The Cloisters museum and gardens is like a medieval puzzle. Elements from medieval cloisters—Saint-Michel-de-Cuxa, Saint-Guilhem-le-Désert, Trie-sur-Baïse, Froville, and elements once thought to have come from Bonnefont-en-Comminges—and from other sites in Europe have been brought together and incorporated into the fabric of the building to create one spectacular piece of architecture.
Opened to the public in 1938 it sits in Fort Tryon Park in northern Manhattan, which overlooks the Hudson River and offers a strange slice of Europe in the very heart of Manhattan.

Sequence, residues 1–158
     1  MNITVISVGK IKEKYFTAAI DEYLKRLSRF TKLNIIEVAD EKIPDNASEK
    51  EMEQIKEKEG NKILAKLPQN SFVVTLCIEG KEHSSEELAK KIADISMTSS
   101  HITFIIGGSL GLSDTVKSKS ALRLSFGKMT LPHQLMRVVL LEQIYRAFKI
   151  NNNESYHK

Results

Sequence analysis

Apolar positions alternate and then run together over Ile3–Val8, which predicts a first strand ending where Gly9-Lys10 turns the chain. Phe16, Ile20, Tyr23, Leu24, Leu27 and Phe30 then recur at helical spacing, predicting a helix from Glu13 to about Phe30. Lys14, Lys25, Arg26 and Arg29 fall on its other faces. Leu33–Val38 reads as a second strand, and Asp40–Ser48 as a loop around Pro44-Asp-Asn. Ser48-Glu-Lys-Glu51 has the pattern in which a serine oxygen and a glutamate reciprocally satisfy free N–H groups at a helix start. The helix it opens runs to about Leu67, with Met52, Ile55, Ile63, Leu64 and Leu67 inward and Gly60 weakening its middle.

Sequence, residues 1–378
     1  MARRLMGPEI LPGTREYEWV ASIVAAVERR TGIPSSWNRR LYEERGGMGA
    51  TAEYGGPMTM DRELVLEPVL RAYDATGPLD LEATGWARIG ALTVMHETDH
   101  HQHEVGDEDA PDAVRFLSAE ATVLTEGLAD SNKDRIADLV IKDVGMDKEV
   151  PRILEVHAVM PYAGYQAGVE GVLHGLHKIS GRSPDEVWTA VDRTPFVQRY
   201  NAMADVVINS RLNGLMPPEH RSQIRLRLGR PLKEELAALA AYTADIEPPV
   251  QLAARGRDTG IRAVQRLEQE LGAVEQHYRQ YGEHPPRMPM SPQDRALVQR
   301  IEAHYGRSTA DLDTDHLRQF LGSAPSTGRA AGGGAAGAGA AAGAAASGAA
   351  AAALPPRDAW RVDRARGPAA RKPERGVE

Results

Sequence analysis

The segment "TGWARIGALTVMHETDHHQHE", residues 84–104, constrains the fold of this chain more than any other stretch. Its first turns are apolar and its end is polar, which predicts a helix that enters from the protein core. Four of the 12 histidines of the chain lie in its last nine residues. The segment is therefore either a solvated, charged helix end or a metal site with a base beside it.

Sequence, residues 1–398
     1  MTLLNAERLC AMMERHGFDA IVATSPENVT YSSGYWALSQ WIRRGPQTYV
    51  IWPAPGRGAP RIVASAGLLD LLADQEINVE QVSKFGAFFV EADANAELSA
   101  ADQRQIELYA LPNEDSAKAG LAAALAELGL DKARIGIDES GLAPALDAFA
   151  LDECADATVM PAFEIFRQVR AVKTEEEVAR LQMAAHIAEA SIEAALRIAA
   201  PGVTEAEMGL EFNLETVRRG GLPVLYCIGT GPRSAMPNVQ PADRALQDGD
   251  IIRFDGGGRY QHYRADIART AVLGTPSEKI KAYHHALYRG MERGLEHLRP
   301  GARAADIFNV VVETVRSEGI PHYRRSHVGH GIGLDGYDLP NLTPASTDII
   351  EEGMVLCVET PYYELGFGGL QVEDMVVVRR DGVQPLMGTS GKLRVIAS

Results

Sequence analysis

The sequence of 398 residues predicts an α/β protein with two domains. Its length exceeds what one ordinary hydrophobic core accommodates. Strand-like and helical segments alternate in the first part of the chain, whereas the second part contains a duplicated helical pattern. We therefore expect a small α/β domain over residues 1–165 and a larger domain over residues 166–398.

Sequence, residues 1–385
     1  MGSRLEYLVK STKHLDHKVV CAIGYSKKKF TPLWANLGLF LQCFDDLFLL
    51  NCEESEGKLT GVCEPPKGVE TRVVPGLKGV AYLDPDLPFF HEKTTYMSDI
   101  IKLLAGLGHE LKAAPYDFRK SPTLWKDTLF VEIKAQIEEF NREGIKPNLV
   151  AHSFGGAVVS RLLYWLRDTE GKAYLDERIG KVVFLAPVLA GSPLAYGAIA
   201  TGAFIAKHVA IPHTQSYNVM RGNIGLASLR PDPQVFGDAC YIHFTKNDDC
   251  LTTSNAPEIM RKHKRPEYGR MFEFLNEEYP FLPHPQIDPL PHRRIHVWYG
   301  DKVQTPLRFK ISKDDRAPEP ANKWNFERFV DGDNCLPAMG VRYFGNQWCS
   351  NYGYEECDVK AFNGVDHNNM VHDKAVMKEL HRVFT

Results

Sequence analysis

The sounds of the traffic dies down to nothing and the gardens are colourful and varied that you’re transported to a different world from the one synonymous with New York.
Three of the reconstructed cloisters feature peaceful gardens with various pieces of horticulture that could be found in medieval treatises. Inside the buildings are medieval works of art such as tapestries, stained-glass windows, and jewellery that bring a sense of history.
My perfect piece of peaceful Manhattan.